US Unveils Plan to Slash Transportation Emissions

Several US government agencies on Tuesday unveiled a blueprint to cut carbon emissions from the transportation sector by 80%-100% by the middle of the century, with potentially existential implications for the US refining industry. Speaking to reporters during a briefing late Monday, senior Biden administration officials said their plan to achieving that goal approach is three-pronged: improve urban planning to promote walkability and cyclability; invest in more efficient mobility models such as public transportation; and focus on transitioning to zero-emission fuels and electric vehicles (EVs). That last goal is the most significant, according to the document, which was prepared by the US Department of Energy (DOE), the Environmental Protection Agency (EPA), the Department of Housing and Urban Development (HUD), and the Department of Transportation (DOT).

“Transitioning to clean options is expected to drive the majority of emissions reductions,” the blueprint reads. “Given the broad array of vehicle types, technologies and usage patterns, a successful transition will require various vehicle and fuel solutions and must consider full life-cycle emissions.” One senior official put it more starkly during the briefing. “The goal that we have laid out [is] nothing short of eliminating GHG emissions from all of transportation,” they said. “Every mode.

Cars, trucks … planes, maritime.” Big Implication, Little Reaction Transportation fuels currently account for over 60% of refinery yields in the US, meaning the blueprint’s goal threatens to dramatically restrict some two-thirds of the market for domestic refiners.

However, the downstream so far seems relatively unconcerned. A spokesperson for the American Fuel and Petrochemical Manufacturers (AFPM), which lobbies on behalf of the refining industry, told Energy Intelligence that no one was available to answer questions on the blueprint. “We’ve got a lot of folks glued to the EPA [renewable fuels standard] hearing today so it’ll be difficult to have a conversation,” they said.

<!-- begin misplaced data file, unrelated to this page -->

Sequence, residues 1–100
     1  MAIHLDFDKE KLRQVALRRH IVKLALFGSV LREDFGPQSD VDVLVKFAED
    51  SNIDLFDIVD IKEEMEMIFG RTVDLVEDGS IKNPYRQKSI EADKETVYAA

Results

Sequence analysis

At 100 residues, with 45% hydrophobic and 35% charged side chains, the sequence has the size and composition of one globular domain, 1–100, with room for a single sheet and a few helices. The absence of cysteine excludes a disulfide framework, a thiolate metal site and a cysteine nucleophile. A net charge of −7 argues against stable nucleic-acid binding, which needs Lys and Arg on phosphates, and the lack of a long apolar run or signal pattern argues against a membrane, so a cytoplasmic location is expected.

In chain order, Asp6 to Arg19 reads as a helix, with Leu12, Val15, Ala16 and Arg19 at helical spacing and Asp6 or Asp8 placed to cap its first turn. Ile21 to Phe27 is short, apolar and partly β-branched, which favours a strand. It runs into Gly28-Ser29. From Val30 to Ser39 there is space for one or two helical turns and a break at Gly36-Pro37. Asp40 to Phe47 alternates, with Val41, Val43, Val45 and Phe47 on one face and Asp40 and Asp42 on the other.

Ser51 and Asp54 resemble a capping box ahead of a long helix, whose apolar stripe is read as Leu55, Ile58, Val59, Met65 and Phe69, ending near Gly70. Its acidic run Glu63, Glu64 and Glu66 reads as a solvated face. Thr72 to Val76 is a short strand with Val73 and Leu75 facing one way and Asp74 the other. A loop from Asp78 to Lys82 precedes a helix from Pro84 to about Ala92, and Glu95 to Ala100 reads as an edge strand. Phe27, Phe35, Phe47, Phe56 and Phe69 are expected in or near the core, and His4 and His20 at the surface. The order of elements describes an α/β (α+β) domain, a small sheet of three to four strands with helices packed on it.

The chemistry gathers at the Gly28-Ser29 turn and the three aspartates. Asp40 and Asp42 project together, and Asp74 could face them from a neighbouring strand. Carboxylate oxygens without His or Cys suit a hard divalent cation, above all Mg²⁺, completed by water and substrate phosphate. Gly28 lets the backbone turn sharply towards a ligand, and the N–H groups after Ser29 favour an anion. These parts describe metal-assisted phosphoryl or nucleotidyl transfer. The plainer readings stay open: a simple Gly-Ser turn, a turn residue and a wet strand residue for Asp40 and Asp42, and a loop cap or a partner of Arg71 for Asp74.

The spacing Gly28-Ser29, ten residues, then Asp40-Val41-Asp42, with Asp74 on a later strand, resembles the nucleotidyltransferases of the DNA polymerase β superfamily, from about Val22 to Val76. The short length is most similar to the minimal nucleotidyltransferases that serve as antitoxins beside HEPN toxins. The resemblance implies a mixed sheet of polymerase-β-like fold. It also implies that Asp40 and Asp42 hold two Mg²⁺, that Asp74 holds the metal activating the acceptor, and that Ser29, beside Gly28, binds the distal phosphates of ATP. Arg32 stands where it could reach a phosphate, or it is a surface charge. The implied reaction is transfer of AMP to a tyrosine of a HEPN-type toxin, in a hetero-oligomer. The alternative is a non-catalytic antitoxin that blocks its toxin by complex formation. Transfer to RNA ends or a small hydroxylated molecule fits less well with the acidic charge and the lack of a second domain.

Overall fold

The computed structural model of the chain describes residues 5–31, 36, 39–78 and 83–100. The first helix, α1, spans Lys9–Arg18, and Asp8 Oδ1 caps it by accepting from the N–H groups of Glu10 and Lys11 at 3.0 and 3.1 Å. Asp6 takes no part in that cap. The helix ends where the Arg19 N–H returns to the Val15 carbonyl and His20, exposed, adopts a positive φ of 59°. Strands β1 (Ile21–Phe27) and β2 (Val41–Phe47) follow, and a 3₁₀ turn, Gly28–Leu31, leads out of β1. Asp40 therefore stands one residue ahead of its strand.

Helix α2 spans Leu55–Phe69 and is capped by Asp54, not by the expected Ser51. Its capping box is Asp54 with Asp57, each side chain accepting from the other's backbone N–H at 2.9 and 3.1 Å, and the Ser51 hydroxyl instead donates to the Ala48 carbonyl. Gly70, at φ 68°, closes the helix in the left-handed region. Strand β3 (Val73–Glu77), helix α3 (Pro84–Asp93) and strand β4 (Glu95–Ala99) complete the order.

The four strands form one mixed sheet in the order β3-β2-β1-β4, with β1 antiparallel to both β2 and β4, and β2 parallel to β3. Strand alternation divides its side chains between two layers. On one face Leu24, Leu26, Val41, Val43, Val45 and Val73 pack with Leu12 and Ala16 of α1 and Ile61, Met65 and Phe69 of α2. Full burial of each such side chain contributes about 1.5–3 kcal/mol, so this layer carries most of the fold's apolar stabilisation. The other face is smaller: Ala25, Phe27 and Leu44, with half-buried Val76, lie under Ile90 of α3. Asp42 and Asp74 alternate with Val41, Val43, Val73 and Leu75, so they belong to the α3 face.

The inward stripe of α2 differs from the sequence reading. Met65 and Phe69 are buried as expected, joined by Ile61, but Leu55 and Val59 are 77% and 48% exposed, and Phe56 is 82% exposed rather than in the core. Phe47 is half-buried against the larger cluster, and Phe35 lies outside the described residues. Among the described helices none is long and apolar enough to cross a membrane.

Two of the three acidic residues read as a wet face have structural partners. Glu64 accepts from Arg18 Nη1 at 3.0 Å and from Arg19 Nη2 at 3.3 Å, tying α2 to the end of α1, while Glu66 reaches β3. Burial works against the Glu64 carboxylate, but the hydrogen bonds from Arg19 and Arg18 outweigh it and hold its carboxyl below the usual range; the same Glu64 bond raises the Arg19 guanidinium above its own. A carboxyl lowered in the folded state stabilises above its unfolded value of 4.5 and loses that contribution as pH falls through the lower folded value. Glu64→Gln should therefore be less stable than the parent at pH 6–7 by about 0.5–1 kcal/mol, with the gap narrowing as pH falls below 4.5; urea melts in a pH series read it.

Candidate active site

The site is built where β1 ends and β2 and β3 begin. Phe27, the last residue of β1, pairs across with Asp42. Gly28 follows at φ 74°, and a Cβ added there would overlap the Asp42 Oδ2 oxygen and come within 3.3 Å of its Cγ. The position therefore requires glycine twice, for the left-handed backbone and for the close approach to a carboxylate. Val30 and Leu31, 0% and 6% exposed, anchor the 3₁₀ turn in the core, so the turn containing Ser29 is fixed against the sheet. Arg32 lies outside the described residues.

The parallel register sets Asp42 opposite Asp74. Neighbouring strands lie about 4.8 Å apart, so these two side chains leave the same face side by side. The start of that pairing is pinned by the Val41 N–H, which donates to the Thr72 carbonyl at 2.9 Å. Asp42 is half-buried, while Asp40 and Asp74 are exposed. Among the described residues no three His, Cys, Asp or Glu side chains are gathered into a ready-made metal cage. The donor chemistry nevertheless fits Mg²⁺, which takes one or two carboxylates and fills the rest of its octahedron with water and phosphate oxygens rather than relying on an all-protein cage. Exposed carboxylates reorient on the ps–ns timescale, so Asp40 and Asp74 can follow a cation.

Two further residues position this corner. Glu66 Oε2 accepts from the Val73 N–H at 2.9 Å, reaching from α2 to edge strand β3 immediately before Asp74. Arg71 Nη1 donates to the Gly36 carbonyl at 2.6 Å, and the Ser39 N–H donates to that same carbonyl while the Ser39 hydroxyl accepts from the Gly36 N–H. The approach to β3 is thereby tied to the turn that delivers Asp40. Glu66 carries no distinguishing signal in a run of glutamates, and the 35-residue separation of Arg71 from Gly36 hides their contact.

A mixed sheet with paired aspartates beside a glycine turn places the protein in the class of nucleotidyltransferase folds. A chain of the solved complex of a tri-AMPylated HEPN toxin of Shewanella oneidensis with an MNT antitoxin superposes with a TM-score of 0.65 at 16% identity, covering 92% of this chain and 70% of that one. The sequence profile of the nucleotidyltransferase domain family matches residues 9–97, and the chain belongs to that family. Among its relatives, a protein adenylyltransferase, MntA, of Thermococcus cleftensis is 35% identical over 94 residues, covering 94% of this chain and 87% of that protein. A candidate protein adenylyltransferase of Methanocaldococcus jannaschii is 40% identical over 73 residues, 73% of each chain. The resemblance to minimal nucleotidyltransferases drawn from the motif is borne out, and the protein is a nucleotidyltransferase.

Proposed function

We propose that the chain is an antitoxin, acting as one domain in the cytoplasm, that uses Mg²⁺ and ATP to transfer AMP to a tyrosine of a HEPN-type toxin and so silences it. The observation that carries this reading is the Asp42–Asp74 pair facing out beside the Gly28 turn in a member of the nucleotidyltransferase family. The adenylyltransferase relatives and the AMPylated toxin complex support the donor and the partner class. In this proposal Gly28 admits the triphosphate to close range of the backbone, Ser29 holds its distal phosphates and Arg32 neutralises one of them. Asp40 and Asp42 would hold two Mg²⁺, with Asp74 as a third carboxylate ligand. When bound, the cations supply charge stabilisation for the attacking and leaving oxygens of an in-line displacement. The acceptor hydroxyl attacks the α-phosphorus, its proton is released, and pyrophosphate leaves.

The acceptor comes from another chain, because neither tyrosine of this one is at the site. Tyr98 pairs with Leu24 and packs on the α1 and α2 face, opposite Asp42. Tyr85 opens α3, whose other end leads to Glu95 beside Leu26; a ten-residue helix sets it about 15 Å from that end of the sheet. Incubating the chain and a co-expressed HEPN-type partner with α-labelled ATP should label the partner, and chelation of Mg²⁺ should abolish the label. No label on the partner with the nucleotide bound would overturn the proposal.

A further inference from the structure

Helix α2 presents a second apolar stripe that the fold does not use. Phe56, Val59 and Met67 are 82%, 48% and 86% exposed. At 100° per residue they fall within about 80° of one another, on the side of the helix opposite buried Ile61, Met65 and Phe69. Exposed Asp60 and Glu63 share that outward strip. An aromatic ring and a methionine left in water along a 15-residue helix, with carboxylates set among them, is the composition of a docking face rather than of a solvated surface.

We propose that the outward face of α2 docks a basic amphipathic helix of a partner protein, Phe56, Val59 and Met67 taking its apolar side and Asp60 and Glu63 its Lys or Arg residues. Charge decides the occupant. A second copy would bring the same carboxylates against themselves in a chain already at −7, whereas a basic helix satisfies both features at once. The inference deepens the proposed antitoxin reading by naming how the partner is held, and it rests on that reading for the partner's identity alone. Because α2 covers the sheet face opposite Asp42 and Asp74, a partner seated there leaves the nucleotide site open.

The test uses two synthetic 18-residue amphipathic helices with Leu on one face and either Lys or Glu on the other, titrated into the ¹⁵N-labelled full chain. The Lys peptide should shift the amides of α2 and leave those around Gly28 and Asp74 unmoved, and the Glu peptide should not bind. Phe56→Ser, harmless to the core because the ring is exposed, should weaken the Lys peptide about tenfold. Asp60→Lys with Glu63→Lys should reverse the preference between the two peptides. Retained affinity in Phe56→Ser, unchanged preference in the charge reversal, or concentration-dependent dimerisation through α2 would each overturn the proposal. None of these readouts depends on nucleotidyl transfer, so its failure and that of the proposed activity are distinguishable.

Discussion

The AFPM invited questions by email but had not responded as of press time. Queries to Valero Energy and Marathon Petroleum also went unanswered. Broad Strokes

Although it is thin on policy specifics, the blueprint reiterates the Biden administration’s target of hitting 50% of new US auto sales being zero-emission by 2030. It stops short of advocating a ban on internal combustion engine (ICE) vehicles but says the government will look to ensure they are maximizing efficiency. The strategy rollout comes as the EPA is working to finish its clean car emissions standards, which are due out in draft form in March.

Many refiners have already started shifting their focus from traditional petroleum refining to other segments, and the industry just went through a significant capacity rationalization that is set to continue into the new year.

Marathon Petroleum, HF Sinclair and other independent players are converting some of their facilities to produce renewable diesel and sustainable aviation fuel, for example, while Phillips 66 is doubling down on natural gas liquids and petrochemicals.